Finally… You’ve been living in Australia for a while now with Erin and the kids… But as a Londoner, is there any chance you’ll come back to the U.K permanently in future? I know how much you love your Monster Munch and Nando’s!

Australia actually has Nando’s now mate, but to be honest… I’ve been back in England for 2 weeks, and I’ve missed the humour and culture but everything else is inferior to Australia. We do have some mad traffic over there though, so if you love traffic… Come to Sydney and Melbourne!”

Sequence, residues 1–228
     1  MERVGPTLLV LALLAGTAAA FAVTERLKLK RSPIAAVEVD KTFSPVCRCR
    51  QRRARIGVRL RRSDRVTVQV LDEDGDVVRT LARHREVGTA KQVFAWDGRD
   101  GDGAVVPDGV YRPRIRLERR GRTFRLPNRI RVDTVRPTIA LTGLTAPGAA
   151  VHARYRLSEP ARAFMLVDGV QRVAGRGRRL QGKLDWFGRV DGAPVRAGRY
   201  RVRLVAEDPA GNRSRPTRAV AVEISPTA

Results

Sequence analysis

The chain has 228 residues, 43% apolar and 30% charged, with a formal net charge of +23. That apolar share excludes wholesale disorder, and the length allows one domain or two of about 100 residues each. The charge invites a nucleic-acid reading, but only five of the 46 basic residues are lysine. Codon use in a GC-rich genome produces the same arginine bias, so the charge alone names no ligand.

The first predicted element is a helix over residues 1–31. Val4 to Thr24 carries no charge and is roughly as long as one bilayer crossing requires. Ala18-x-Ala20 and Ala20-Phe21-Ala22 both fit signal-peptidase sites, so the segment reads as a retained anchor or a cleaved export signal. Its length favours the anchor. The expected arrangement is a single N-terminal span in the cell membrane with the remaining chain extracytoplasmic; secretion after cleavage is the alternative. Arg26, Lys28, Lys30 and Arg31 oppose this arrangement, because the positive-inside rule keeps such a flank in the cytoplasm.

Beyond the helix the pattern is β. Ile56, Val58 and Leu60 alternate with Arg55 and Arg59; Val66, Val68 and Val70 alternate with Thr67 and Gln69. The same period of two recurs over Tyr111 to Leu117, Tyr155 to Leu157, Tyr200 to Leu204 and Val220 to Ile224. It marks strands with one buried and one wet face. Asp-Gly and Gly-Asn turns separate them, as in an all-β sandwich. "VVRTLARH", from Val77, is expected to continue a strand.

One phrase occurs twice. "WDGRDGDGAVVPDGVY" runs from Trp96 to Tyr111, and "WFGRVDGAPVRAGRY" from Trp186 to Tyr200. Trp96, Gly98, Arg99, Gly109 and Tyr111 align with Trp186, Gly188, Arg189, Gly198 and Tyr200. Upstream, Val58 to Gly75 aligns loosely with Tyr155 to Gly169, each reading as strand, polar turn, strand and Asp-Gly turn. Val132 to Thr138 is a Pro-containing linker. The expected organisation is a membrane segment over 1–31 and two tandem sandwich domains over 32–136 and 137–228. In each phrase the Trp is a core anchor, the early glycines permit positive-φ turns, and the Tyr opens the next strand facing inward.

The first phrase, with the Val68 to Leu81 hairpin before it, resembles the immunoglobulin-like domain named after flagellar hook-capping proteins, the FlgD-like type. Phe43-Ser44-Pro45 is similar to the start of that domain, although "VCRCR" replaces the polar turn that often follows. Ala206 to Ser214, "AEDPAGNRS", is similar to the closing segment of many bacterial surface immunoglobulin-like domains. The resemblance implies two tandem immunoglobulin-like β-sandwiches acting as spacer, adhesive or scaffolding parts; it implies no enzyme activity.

A personification of the idea that ‘We May Grow Old, But We Never Grow Up’, Example is still the same assertive, tongue-in-cheek ‘geeza’ fans have come to know – and love – throughout his career to date, but like a fine wine, or in his now health-conscious case, refrigerated mineral water, his music continues to evolve and provide a refreshing outlook on an industry which has become stale in areas on account of lack or originality. Elliot claims his latest album is his best work so far, but don’t just take his word for it, you can listen below and let us know your thoughts across our socials!